In response to tragedies such as Sutherland we have, on the one hand, those of us focused on “the root problem” of the human heart, where the violence permeating all of the animal kingdom is acknowledged to be in every one of us. Yet, in this group we are often prone to justifying, in extremely paradoxical ways, violence against certain people, like the soldiers of an enemy army, or the person armed and ready to kill us. In such cases we do not take much time to think about whether in this case our heart’s are just displaying the same evil clothed in elaborate justifications. On the other hand, we have those of us focused on “the actual problem” of social structures that fuel violence, such racism fueling police brutality, or NRA influence over gun laws, both clearly revealing American idols. Yet, in this group we are often prone to justifying, in extremely paradoxical ways, the most powerful social structure for fueling violence in all of human history, the state. Of course, in both groups we easily see these flaws of the other, and conveniently excuse our own exceptions with the wave of our “let’s be realistic” hand.
The truth is that we fall under the illusion that there are good uses of violence, or good ways of threatening it. We fear applying the commands of our Prince to enemies when other authorities, apart from our Prince, tell us we should not. “Those people, you are justified in not loving” or “To love them means to coerce (or kill) them” says our country, or our politics. What’s missing from our response to this tragedy, and our response to this global-moment, is what turned me, a little less than five years ago now, into a full-fledged anabaptist.
Peace is Calling
Nothing I’ve said here is directly addressed to the victims in Sutherland Springs. It would be monstrous to blithely press victims of such a tragedy from a distance. I am concerned with pastors, leaders, theologians that reject a full applications of Christ’s command to love our enemies, a command followed perfectly by Christ himself. I am concerned about this because this will happen again, and not only in the US. In some places Christians will continue to find themselves in the tempting position of outright retaliation for outright violence against them. In country’s where the church is growing to a “critical mass”, such as in Latin America, Christians are already finding themselves in the tempting position of suddenly being able to take-up state-sanctioned violence. So, what is the call? Looking back at that small excerpt from Matthew 26 above, we should recall some simple, over-arching, theological facts. In that passage, Jesus refrains from using power that was:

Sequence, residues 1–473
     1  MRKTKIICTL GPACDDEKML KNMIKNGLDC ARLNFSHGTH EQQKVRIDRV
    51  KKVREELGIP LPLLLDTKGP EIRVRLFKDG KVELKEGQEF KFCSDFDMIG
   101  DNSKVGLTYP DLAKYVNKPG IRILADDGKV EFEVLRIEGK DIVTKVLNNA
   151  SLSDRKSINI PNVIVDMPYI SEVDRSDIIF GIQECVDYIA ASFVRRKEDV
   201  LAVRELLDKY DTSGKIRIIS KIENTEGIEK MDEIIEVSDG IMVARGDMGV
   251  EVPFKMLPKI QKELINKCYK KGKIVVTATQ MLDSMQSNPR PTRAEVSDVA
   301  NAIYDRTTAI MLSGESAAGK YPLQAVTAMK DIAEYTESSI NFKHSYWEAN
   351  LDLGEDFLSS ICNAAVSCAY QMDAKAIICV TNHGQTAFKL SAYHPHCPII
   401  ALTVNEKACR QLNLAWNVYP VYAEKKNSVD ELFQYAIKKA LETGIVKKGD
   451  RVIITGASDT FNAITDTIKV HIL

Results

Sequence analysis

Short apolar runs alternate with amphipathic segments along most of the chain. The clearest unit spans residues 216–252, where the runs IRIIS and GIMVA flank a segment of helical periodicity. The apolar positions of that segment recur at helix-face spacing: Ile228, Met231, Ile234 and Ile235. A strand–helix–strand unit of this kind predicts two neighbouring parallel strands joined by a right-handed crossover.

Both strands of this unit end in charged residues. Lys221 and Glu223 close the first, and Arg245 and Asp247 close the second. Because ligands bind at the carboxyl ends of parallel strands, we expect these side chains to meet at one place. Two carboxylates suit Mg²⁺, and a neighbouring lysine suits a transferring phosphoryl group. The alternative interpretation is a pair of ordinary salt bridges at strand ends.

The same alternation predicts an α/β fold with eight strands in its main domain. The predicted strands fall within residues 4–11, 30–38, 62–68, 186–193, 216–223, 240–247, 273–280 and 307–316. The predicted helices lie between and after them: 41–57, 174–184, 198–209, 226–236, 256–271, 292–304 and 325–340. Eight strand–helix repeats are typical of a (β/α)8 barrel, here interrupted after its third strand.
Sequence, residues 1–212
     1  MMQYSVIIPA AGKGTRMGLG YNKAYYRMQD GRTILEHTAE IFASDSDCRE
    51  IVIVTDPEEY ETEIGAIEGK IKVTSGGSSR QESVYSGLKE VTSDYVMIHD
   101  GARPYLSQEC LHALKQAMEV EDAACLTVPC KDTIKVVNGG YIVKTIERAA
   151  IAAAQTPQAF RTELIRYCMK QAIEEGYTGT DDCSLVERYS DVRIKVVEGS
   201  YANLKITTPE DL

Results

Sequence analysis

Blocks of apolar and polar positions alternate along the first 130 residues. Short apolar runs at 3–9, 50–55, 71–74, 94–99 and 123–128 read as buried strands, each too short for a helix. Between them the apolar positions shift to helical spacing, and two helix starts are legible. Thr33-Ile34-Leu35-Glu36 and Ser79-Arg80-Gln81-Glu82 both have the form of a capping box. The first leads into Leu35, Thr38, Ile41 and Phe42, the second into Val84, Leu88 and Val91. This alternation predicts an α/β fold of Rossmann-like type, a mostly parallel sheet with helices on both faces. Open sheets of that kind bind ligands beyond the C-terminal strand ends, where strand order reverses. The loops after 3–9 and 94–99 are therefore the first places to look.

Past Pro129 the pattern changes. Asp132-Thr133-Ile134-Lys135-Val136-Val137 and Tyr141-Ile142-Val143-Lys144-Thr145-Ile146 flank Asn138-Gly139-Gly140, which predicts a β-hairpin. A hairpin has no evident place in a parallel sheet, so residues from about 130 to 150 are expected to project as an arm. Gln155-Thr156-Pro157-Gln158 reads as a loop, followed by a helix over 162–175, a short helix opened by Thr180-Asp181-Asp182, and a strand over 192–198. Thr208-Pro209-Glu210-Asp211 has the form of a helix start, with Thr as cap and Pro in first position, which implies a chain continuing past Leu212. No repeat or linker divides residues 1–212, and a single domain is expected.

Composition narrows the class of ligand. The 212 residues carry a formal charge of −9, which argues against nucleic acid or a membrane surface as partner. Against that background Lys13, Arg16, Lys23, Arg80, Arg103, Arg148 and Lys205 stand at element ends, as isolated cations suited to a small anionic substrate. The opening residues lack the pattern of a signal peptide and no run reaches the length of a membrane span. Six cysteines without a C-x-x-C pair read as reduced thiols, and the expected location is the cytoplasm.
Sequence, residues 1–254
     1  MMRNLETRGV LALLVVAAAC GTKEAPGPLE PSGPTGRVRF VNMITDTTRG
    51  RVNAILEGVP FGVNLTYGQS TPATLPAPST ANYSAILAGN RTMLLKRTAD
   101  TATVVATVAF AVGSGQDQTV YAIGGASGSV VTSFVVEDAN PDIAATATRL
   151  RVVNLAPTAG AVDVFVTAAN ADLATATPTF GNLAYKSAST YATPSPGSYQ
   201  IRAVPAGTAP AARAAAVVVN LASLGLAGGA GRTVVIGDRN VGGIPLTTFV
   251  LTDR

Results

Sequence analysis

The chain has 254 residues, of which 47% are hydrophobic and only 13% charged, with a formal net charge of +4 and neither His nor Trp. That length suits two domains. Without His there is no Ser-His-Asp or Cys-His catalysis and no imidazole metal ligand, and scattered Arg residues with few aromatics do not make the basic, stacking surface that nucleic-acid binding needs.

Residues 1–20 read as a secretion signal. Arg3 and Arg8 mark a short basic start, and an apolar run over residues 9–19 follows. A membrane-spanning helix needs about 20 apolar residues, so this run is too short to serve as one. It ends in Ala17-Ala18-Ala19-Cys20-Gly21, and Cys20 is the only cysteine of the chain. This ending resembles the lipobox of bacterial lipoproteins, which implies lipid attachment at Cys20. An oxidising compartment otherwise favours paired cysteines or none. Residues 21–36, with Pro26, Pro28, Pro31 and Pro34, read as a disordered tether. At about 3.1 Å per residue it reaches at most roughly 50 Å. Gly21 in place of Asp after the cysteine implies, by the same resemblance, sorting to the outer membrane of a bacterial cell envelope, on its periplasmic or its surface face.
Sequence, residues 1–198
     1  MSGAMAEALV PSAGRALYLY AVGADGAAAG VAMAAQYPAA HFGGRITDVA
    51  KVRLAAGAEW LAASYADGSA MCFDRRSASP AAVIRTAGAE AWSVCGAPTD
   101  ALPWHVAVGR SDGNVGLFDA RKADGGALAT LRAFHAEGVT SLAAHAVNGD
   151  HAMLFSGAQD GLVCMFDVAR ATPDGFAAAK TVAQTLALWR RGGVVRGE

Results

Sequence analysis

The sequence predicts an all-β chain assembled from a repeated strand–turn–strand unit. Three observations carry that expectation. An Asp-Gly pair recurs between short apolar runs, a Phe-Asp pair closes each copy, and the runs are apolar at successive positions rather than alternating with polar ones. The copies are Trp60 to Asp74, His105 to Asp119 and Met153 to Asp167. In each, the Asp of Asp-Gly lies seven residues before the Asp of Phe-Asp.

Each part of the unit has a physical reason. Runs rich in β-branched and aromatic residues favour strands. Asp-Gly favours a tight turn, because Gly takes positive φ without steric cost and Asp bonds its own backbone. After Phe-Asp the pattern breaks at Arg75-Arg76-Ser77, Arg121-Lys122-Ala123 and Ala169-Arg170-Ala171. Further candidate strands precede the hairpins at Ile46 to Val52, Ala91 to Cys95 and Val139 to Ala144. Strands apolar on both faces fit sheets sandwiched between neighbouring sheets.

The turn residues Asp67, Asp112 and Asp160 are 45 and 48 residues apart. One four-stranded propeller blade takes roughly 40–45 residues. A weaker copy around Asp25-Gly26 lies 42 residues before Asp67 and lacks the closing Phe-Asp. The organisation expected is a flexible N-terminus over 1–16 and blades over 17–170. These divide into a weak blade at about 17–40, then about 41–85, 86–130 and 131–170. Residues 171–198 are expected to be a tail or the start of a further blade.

1) easily accessible (the rhetorical question about the “legion of angels”)
2) sanctioned by the highest authority possible, God (since he is God)
3) called for by any measure of justice (since he was, more than anyone, innocent), and
4) in self-defense (despite Jesus’ desire to fulfill prophecy, it would be self-defense to prevent your own death by definition).
This undermines nearly every instinct-for, or theory-of, justified violence. But it does not only undermine our instincts, it calls us into more beautiful ones.
The reason Jesus refrains, he hints, is to fulfill the scriptures about his death, to take up his cross. Christians have been taught that through Jesus, because of his death on the cross and resurrection, we are given the ultimate hope for the cosmos (1 Cor. 15). Yet, we were also called to take up our own cross, to lose our own life if we want to find true life, and follow Jesus (Mt. 16:21-28). We were also given the promise that we will overcome the greatest enemy of humanity by the blood of Jesus shed on that cross, and by the word of our testimony; a testimony we leave by not holding onto our lives, so much so that we do not even shrink from death (Rev. 12). We are, in other words, called to follow the example of Christ: go to the cross for the joy of promised resurrection.
By not practicing, teaching, and seeking the empowerment of the Holy Spirit to actually love like this in concrete situations, we fail the church. We will miss opportunities to put on display the full beauty, power, and radically transforming love of God in Christ Jesus. This is not, nor has it ever been, a peripheral issue. When that love is put into practice, as seen in that one small window of the Egyptian church, the very perpetrators of violence are transformed. The cost is high however. It is a call to disarm ourselves from the preferred method of violence, whether outright on our hip or concealed in our politics.
What can stop the outpouring of violence against Christians in the Middle East? God’s love in Christ. What can stop the occurrence, even here, of violence against each-other in a fit of rage, or skin, or politics, or religion? God’s love in Christ. What are we to do? Follow our prince, shed our excuses and qualifications of his commands, and fight the only war that has ever mattered with the only weapon that never fails.